Whether you’re visiting the country for business, pleasure, or religious reasons, there are a number of things to remember when visiting Saudi Arabia. Even when you compare it to its neighbors in the United Arab Emirates, Yemen or Oman, Saudi Arabia is something of a culture shock to many travelers. Here, in no particular order, are five of the most important things to bear in mind before going there!
Saudi Arabia is hot. Very hot. We’re talking almost Death Valley hot. The average high temperature in Riyadh in July is 110°F (in Death Valley it’s 116°F), and from June through until August it never dips much below 80°. If you can help it – i.e. if you’re going there for sightseeing – visit in the fall or spring months, when it’s much cooler.
The official currency of Saudi Arabia is the Saudi Riyal. A single Riyal is the equivalent of around 26 or 27 cents. To give you some idea of costs, a combo meal in McDonalds (and yes, they have McDonalds) comes to around 19 Riyals, or around $5. The last ten years have seen an increase in the number of businesses that accept credit cards, but do check in advance, as not all tour operators will take them. It’s also worth remembering that designated money exchanges will usually offer a better rate of exchange that the ones based in hotels and – if all else fails – that most Saudi banks have ATMs that accept international cards!
Should you find yourself ill or injured the quality of health services in Saudi Arabia, as you might expect in one of the region’s wealthiest countries, is very high. That said, it’s wise to get yourself inoculated against hepatitis A and B, rabies and typhoid before going there. If you are visiting Saudi Arabia as part of the annual Hajj pilgrimage, health professionals also advise that you have the meningococcal vaccine, as the gathering of large crowds from all around the world (around 3,000,000 go there every year) are a breeding ground for meningitis.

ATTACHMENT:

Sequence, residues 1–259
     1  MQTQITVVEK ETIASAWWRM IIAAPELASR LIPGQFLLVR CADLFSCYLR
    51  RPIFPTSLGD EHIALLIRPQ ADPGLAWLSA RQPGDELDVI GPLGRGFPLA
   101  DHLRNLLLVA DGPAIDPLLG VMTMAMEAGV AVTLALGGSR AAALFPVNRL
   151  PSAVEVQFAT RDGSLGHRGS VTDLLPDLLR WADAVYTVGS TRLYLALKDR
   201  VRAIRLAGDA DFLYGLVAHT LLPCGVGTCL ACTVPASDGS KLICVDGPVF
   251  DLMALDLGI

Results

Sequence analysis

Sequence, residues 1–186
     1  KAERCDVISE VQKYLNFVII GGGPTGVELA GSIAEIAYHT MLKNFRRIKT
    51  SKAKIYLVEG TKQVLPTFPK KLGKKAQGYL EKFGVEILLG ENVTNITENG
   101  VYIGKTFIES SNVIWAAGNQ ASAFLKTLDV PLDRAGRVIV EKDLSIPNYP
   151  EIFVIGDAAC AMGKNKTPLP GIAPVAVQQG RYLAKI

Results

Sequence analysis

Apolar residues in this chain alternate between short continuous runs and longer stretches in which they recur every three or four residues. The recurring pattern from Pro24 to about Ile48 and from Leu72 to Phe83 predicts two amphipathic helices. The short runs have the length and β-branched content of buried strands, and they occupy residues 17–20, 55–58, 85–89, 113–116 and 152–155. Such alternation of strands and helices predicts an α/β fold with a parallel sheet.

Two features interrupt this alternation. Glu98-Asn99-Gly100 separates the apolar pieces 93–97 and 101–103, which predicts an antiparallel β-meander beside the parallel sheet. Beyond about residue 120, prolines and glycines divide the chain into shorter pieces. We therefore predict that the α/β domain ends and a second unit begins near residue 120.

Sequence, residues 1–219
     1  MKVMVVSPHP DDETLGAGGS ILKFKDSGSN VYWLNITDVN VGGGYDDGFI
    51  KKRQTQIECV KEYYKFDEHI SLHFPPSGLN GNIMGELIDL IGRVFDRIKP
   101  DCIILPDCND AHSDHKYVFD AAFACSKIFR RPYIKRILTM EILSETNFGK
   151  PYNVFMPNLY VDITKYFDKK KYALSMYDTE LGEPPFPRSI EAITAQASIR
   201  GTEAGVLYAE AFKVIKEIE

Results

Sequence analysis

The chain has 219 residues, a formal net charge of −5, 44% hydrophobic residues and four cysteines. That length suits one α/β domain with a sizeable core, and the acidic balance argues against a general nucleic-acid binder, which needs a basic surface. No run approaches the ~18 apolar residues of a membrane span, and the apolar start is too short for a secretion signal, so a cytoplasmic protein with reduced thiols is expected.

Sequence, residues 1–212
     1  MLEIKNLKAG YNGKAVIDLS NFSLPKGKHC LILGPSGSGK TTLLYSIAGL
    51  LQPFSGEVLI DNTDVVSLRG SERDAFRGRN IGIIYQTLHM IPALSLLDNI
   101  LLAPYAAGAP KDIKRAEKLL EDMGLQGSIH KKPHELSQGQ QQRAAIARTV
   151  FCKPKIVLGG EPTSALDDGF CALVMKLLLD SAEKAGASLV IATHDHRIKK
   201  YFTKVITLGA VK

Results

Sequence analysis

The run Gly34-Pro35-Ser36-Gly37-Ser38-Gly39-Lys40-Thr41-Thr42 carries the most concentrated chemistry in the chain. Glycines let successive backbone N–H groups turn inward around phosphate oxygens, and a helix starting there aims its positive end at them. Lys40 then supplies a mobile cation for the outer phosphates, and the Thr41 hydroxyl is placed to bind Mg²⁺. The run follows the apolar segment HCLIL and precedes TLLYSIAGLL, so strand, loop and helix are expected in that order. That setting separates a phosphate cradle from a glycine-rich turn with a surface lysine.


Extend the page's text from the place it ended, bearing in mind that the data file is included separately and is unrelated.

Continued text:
The official language of Saudi Arabia is – as you might have guessed – Arabic. That said, most of the people you come across, in hotels, restaurants etc. have an excellent command of English, as it is the second most widely spoken language in the country.
Saudi Arabia’s local customs and laws are governed by a very strict adherence to the Wahhabi school of Islam. This means segregation of men and women in many public places, an absolute prohibition on alcohol, and a number of dress codes, particularly for women. Men and women should be careful when greeting one another in public – a kiss and a hug will be frowned upon! It is also worth noting that the historic centers of Meddina and Mecca (or Makkah) are two of the most important sites in Islam, and as such are off limits to non-Muslims. The ever-growing metropolises of Jeddah and Riyadh, however, are open to all.